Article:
09 October 2015: Clary Webcam back in operation

[dropcap]Thanks[/dropcap] to a generous donation from someone who wishes to remain anonymous, we have a new Clary Cam! It’s a Foscam model F19803P Outdoor Wireless IP camera (with 720P video) and it arrived this afternoon by UPS. I’ve been messing around with it at my desk this evening, and getting it configured. It is considerably more robust and sophisticated than the old camera (which was also a Foscam) but its software is pretty much identical which made the back end installation on the server a breeze. It was essentially a drop-in replacement. The old camera was actually an indoor webcam but it was quite happy to live outdoors under a small glass terrarium to keep the elements off it… this wasn’t a perfect arrangement. This new camera needs no such amenities. I expect I’ll have to wipe snow off the lens once in a while but otherwise it should be pretty much trouble free. Like the old camera, this on houses a 1.3 megapixel CCD with a 70° field of view generating pretty good looking 1280 x 720 pixel images.

Tonight the camera is sitting on my desk upstairs looking out the window- the picture above was taken this afternoon. I’ll install it outdoors tomorrow. I may or may not put it in the same place as the old camera: this camera has a better wireless receiver so where it is located is really limited to how long a power cord I decide to run. For now it’s going to upload a picture to the website every 2 minutes, and I may extend the hours of operation since this camera has an infrared light source which the manufacturer claims allows nighttime visibility up to 65′ (we’ll see how well that works). It can also be setup to allow people to login to the camera over the internet and view live video but I don’t think I’ll allow that because of the bandwidth requirements. Would be fun though…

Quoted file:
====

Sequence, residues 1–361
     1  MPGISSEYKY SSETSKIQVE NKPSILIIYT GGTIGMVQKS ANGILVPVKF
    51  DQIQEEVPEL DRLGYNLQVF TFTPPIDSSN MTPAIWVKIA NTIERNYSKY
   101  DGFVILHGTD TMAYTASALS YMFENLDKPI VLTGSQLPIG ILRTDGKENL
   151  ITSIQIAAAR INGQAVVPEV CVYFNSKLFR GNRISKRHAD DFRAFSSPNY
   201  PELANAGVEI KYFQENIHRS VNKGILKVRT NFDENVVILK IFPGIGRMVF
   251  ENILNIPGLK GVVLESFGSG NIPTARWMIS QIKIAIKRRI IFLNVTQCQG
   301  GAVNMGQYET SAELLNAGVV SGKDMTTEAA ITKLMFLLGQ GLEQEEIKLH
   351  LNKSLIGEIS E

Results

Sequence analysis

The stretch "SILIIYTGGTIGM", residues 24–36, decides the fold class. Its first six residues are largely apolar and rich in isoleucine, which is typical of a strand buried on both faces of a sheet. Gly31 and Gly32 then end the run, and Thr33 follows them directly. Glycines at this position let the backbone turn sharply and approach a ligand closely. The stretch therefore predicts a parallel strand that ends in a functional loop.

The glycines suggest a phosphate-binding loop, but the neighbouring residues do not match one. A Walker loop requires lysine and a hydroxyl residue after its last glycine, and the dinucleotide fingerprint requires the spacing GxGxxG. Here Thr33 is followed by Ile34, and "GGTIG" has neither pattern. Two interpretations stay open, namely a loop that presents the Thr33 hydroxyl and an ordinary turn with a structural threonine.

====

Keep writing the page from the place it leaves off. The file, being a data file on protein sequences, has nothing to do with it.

3 thoughts on “09 October 2015: Clary Webcam back in operation

  1. George Fergusson Post author

    The back end integration of the original camera was rather complicated because the camera uploads an image with a name using a time-stamp so each uploaded picture name is unique… not what you want for a webcam page. I wrote a script which runs under cron to first archive the newly uploaded image, then rename it so when you bring up the web cam page it always loads the current image. The same cron job also deletes the archived images older than 2 weeks so they don’t fill up the disk. Fortunately, this new camera uses the same naming convention so I didn’t have to recreate the wheel, as it were, I could use the existing back end system to manage the uploads.

    Cameras that are specifically designed to provide a static image updating regularly don’t require these shenanigans, but they also cost a lot more. Now that I’ve got those pieces worked out, it would be a fairly simple matter to add additional web cams using a similar camera…

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